“A new wave of persecutions has begun in Armenia,” declares “Haykakan Zhamanak,” commenting on reported arrests and questioning of opposition activists across the country. The paper says the crackdown coincided with the first anniversary of mass arrests of opposition supporters during and in the aftermath of the presidential elections. “Yesterday too opposition activists throughout the republic were invited to police stations for ‘explanatory’ conversations with police officers.” Police officials provide no clear explanation for the summonses.
“The timetable for the revolution is reconsidered,” “Hayots Ashkhar” says sarcastically of statements of condemnation issued by the leaders of the Hanrapetutyun party on Tuesday. The paper defends police actions.
The state-run “Hayastani Hanrapetutyun” also seeks to justify them, saying that Hanrapetutyun has for months been promising “certain drastic actions” that will not necessarily be constitutional. “One can only conclude that the radicals a preparing for a violent regime change,” the paper claims, adding that Hanrapetutyun is trying to recruit members of the Yerkrapah Union for the effort.
In an editorial “Aravot” attacks Defense Minister Serzh Sarkisian for his failure to meet with university students boycotting lectures in protest against a new government bill on military service. The paper says Sarkisian has so far agreed to meet only with representatives of pro-government youth organizations. “That is a classical example of neglecting an opposite view,” it says.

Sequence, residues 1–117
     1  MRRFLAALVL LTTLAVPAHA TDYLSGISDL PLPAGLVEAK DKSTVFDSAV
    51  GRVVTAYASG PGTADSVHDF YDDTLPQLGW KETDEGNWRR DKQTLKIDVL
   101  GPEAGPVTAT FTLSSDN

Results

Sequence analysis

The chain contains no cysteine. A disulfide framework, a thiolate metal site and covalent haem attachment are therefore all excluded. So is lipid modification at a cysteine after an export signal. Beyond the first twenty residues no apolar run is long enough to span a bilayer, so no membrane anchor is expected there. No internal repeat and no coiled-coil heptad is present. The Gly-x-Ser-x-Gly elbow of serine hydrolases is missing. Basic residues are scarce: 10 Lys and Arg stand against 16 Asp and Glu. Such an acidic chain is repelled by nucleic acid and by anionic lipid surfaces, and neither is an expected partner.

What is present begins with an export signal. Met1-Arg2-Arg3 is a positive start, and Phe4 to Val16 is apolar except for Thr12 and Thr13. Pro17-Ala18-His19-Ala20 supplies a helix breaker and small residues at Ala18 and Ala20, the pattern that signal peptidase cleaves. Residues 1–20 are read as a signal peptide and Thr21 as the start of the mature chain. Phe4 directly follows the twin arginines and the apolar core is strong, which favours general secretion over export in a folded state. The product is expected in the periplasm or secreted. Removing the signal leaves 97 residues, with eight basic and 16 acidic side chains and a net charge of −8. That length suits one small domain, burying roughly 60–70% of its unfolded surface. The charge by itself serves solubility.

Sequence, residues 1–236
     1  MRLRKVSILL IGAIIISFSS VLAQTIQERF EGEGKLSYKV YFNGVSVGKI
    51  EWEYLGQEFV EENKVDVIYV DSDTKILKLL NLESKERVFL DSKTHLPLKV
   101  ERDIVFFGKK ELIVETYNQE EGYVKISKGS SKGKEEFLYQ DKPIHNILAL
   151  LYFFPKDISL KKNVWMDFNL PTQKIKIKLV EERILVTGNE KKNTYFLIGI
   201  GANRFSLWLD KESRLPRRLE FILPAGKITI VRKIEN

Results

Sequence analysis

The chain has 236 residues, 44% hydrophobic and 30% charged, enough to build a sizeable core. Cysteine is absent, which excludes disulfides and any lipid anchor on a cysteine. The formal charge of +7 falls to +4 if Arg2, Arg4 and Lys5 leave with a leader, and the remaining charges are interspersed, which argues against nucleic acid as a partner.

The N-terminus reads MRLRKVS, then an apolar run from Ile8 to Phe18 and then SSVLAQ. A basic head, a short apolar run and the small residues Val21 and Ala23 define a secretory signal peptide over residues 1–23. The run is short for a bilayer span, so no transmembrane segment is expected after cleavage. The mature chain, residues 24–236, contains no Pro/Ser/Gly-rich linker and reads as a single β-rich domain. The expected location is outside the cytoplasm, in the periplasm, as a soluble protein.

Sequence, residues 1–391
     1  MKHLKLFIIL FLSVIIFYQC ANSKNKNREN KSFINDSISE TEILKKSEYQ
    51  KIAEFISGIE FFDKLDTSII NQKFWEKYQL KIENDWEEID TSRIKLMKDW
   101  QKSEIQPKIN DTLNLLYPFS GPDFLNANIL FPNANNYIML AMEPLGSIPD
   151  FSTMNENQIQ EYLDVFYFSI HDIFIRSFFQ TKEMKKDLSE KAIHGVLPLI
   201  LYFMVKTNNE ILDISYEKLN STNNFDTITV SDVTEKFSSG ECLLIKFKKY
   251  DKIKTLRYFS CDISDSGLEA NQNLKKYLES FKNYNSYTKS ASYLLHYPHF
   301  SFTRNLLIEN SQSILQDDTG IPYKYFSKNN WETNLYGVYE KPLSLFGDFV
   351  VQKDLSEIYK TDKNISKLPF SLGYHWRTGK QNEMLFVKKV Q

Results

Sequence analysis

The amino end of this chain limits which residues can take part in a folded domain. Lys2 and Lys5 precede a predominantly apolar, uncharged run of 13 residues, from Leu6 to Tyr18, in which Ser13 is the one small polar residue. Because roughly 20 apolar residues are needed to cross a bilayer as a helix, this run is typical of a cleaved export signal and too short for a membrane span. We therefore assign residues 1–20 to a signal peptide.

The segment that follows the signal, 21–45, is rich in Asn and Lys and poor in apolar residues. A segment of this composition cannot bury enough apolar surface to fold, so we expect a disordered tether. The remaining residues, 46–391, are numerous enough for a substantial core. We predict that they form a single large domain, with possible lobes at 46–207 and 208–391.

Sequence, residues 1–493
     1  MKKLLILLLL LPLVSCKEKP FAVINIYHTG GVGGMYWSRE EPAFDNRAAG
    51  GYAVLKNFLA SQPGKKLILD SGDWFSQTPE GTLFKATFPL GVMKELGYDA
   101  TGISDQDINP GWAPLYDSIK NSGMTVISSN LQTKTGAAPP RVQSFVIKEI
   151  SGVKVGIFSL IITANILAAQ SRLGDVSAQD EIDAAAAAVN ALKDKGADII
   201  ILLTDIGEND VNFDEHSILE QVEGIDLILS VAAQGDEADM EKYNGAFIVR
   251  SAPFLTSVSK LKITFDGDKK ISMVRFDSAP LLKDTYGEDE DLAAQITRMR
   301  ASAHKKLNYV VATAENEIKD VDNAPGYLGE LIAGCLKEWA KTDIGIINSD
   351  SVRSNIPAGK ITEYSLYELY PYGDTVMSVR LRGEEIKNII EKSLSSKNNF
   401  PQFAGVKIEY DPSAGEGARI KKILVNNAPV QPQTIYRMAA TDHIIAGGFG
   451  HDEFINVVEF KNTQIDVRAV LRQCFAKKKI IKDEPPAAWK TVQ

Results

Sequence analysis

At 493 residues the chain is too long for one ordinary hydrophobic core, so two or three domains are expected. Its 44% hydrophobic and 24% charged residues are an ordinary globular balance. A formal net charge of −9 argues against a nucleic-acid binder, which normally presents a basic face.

“Haykakan Zhamanak” says the pro-government majority in parliament has still not formulated a common approach to the controversial bill. “Many deputies wonder why Education and Science Minister Sergo Yeritsian, who was obliged to meet the boycotting students, stubbornly avoids expressing his view on the issue.” The paper says Yeritsian did not voice objections to the draft law when it was approved by the ruling cabinet earlier this month. It quotes an unnamed parliament deputy from Yeritsian’s Orinats Yerkir Party as complaining that the party has already been scapegoated for the unpopular school staff cuts. “We have no desire to antagonize students as well,” the lawmaker says. “Let the one who submitted the draft bear responsibility for all of its consequences.”
Another pro-government deputy, Ruben Hovsepian of the Armenian Revolutionary Federation (Dashnaktsutyun), tells “Hayots Ashkhar” that the government should go farther by abolishing military service deferments for undergraduate students as well. “It is much more preferable to retard or delay the course of an individual’s mental development than interrupt it,” he argues. “It would be best to draft everyone at the age of 18.” Hovsepian believes that the army “will not gain anything” from the partial solution favored by the Defense Ministry.